Zimbabwean journalist lives in the Netherlands for a year
Zimbabwean journalist Wilf Mbanga was given the opportunity to
write and work without political restrictions for a year. He grabbed
the chance. At the invitation of the Tilburg Vrijstad foundation,
Mbanga arrived in the Netherlands in November 2003.
Mbanga is the founder of the Daily News, the newspaper that President
Mugabe prohibited in the past year. Despite a number of court decisions
in favour of the newspaper, it is still not published. The government
has continued to frustrate relevant efforts. Mbanga and a number
of the newspaper's other editors have already been arrested and
Mbanga is a quiet speaker, even when he is talking about horrible
things. 'The Daily News is not the only one having problems. You
can regularly read about how the newspaper is being mangled on the
Index on Censorship website. And now the government has effectuated
a new law requiring all media to register with the Media and Information
Commission (MIC), a government organisation. If you do not register
before publishing, you can be sentenced to imprisonment.'
Mbanga keeps abreast of the ever-worsening situation in Zimbabwe
by means of daily e-mails from family and friends. He need not worry
about this registration, which can best be compared to the Kultuurkamer
that the Germans established when they occupied the Netherlands,
while he is here.
Mbanga is working on a book with his wife Trish, who was the former
director of the Zimbabwe International Book Fair. T he book is about
the famous mixed marriage between Botswana tribal chief Seretse
Khama and the Englishwoman Ruth Williams. Mbanga: 'The British made
the marriage impossible in the 1940s. They could feel the breath
of the oncoming apartheid regiment in South Africa in their necks.
The story of the lives of Khama and Williams is both a horror story
and a modern-day fairy tale, embroidered by the political priorities
of the era in that region.' It must be very special for Wilf and
Trish to be working on this book. They, too, have a mixed marriage.
Today they are not being frustrated by the British, but by the president
Each week Wilf Mbanga writes witty as well as heart wrenching columns
for the Brabants Dagblad. The column about his introduction to the
Dutch carnival was witty; his comparison of medical care in the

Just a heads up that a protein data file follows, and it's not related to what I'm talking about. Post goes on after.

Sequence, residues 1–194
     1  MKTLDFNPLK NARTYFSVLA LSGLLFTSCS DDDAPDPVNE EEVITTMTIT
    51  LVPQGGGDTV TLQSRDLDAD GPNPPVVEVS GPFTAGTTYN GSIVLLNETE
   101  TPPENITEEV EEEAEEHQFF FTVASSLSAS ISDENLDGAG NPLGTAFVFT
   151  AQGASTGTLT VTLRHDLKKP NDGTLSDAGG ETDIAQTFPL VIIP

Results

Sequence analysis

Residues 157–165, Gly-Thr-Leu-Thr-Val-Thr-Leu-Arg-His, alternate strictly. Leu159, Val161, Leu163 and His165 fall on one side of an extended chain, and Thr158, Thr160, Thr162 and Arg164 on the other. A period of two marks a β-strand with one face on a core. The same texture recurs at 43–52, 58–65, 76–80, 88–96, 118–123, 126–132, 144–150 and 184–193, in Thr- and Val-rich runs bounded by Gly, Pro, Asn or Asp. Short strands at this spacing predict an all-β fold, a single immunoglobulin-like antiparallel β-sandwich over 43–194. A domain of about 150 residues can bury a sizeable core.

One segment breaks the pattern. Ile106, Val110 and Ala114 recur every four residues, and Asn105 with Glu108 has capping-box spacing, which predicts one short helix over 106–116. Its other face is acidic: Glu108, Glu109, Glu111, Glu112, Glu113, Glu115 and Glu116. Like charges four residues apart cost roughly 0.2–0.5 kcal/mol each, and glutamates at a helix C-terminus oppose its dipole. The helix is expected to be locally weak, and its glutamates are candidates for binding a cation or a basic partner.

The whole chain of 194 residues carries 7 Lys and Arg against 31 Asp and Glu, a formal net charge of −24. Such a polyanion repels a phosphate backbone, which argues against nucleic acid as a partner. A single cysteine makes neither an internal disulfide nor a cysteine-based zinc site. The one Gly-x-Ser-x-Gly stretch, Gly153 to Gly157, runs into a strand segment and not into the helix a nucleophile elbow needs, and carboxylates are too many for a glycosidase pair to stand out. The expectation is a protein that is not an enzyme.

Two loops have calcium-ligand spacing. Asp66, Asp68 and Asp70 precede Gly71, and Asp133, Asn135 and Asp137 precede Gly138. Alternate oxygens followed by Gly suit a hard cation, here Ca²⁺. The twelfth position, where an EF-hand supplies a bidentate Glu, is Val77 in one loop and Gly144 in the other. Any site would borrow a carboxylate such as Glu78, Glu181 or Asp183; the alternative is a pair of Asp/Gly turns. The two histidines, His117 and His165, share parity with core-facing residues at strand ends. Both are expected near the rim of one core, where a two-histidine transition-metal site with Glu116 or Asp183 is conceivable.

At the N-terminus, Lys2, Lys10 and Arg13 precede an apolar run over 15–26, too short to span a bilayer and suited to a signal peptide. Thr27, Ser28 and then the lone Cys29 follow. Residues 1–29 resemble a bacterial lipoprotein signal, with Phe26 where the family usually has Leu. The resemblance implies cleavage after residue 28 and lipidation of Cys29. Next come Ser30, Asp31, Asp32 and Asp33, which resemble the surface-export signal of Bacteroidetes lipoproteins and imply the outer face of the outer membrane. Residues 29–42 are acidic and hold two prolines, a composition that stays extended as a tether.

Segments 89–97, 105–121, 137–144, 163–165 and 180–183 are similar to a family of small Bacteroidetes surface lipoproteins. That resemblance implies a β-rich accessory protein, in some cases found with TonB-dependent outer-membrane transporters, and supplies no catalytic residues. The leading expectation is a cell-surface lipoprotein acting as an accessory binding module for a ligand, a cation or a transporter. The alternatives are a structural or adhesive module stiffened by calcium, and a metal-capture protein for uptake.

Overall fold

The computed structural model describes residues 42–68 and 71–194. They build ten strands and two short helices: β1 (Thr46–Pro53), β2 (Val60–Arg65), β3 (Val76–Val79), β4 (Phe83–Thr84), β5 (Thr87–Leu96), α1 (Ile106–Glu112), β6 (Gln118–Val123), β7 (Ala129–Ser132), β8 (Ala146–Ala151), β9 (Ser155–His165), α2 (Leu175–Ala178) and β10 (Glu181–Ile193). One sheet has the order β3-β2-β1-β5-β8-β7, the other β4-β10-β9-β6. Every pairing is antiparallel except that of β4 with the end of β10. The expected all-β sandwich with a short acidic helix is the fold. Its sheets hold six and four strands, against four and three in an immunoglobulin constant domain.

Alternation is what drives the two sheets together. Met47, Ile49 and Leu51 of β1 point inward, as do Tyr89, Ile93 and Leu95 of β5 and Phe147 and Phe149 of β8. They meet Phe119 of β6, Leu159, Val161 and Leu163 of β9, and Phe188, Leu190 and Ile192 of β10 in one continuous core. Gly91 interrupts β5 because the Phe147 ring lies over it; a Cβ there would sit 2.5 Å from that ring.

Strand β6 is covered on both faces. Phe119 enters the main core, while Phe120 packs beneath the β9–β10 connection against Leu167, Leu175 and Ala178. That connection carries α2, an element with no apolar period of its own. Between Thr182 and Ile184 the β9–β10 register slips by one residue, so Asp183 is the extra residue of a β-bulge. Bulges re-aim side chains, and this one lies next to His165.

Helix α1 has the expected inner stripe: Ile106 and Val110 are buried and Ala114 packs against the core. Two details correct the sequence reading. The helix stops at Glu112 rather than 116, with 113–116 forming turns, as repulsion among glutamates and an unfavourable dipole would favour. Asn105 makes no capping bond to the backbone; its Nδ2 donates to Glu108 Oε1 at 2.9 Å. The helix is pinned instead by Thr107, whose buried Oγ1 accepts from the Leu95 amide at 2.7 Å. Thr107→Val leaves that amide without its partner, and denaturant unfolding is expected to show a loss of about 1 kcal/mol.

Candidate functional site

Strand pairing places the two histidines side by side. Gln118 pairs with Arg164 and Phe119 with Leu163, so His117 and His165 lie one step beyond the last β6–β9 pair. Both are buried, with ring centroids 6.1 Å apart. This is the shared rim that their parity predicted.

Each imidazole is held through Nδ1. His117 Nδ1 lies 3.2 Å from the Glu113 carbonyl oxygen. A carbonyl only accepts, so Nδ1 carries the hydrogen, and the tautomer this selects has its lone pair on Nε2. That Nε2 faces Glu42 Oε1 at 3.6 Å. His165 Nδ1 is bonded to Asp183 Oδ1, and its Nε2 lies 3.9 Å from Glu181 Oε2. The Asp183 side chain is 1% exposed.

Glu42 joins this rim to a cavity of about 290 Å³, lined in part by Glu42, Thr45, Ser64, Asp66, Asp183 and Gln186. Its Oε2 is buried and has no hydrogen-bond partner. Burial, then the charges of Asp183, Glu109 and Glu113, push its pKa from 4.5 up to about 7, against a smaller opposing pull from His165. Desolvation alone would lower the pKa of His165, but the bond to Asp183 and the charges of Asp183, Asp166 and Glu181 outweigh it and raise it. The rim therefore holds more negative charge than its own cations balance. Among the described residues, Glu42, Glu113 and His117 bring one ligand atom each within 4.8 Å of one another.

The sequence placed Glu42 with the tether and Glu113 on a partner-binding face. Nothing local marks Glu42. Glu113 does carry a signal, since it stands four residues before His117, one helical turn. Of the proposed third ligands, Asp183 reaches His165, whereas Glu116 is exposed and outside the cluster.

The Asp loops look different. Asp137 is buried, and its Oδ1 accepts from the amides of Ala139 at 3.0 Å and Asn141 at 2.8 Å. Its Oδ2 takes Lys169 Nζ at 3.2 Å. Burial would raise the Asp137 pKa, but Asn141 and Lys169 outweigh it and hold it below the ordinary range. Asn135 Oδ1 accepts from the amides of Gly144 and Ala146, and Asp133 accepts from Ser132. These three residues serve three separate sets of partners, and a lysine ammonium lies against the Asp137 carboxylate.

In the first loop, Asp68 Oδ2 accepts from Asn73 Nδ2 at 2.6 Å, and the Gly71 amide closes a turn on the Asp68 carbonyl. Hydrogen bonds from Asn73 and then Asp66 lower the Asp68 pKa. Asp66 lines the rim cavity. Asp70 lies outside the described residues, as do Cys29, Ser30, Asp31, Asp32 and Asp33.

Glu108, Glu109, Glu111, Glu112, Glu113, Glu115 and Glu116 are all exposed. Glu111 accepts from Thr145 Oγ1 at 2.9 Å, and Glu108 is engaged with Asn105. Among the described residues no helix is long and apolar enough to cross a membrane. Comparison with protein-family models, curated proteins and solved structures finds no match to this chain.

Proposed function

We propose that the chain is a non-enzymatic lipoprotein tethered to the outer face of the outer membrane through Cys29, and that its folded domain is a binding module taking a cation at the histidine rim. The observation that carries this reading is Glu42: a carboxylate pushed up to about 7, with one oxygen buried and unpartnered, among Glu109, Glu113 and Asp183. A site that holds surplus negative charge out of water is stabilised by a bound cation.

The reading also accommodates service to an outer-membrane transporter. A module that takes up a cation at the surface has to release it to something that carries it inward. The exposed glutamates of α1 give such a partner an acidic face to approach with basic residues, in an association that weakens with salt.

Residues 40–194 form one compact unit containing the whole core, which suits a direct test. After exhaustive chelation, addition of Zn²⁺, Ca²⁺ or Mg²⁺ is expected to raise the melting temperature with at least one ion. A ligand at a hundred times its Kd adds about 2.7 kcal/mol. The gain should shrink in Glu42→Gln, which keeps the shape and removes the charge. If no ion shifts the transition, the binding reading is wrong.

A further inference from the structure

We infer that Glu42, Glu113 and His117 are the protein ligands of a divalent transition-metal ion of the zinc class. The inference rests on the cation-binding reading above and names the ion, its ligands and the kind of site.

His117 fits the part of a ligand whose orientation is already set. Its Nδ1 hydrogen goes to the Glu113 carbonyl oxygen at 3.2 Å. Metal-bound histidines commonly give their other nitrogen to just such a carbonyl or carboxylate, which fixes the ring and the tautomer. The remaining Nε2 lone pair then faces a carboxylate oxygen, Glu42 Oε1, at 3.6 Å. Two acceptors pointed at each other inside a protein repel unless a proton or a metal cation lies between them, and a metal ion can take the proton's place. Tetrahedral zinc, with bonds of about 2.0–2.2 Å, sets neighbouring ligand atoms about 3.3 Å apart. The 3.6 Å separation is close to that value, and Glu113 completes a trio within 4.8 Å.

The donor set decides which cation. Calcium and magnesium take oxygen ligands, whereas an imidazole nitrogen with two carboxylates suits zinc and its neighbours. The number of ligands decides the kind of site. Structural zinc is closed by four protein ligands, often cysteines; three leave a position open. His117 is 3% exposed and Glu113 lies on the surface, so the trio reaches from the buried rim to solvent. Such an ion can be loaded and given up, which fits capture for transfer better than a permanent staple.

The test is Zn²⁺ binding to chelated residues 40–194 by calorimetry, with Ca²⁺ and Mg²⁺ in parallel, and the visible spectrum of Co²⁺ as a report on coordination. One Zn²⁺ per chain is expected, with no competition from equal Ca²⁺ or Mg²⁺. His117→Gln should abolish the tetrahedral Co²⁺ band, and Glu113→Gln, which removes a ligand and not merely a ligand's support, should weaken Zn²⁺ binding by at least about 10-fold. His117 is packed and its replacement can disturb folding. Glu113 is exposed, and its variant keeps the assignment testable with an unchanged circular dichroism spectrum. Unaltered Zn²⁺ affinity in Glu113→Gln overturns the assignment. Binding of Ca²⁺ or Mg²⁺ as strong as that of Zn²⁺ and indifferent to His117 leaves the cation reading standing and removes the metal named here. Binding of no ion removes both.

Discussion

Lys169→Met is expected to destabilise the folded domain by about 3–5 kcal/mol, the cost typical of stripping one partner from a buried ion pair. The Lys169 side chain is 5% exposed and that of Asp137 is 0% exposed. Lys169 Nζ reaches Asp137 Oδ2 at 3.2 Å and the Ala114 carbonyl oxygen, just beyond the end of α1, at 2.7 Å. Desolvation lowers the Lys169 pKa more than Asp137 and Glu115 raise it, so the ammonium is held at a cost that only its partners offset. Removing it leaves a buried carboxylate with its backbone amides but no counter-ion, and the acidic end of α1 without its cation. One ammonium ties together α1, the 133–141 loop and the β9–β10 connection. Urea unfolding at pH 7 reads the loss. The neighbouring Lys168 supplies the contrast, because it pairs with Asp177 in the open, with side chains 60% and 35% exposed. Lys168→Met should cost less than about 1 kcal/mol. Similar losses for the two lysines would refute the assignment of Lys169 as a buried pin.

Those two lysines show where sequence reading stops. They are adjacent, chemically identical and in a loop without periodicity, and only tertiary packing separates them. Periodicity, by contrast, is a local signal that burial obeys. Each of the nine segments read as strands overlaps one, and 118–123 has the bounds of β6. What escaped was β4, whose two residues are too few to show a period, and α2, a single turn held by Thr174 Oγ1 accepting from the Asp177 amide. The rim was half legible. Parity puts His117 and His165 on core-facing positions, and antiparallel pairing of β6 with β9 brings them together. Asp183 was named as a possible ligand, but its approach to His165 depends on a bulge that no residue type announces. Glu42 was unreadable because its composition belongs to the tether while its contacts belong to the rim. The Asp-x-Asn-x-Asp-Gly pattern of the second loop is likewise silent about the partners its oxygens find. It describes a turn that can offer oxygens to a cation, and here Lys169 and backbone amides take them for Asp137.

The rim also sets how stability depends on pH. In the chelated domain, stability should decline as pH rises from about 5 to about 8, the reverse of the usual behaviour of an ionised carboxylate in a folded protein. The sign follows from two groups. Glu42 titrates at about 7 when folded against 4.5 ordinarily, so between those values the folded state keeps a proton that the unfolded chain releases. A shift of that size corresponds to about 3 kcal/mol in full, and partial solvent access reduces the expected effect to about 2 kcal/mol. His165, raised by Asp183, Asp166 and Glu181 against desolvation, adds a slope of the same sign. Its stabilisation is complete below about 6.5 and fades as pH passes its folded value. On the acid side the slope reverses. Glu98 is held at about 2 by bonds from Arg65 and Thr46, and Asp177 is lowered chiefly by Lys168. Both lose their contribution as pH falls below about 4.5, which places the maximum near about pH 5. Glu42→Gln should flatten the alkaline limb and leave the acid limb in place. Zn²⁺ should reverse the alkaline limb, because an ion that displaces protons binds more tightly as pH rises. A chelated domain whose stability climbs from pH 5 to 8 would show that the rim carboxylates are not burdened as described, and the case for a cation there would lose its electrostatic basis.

Netherlands and Zimbabwe was heart wrenching. He described his visit
to a general practitioner to have his blood pressure measured, where
he was pleasantly surprised by the warm atmosphere, modern equipment
and efficiency at the doctor's practice. On the day of this visit,
he read that doctors in Zimbabwe are tearing apart the curtains
in the hospital to use them for dressing wounds.
Mbanga: 'It is an incredulous experience to notice so directly
how far Zimbabwe has already sunken. Not only has daily life become
many times more complicated and limited: just think of the problem
of getting groceries for dinner. The political situation has also
become unrecognisable. Here the prime minister is criticised for
controversial comments; in Zimbabwe you can't say anything anymore.
When a newspaper printed an article saying that empty crates were
being loaded onto the aeroplane with which Mrs. Mugabe was going
shopping elsewhere, the editor in chief and journalist were immediately
Wilf Mbanga has a head full of writing ideas for this year. He
also regularly lectures law students at the University of Tilburg.
'I demonstrate to them how the law can also be used for unjust,
undemocratic matters. Judges are currently fleeing from Zimbabwe.
Decisions that are not to Mugabe's liking have dire consequences.'
The last lecture he held was greeted by a standing ovation.
The Tilburg Vrijstad foundation is an initiative of Tilburg mayor
Johan Stekelenburg, who recently died, lawyer and poet Afshi Ellian,
and Paul Seters, director of the Globus institute at the University
Prince Claus Fund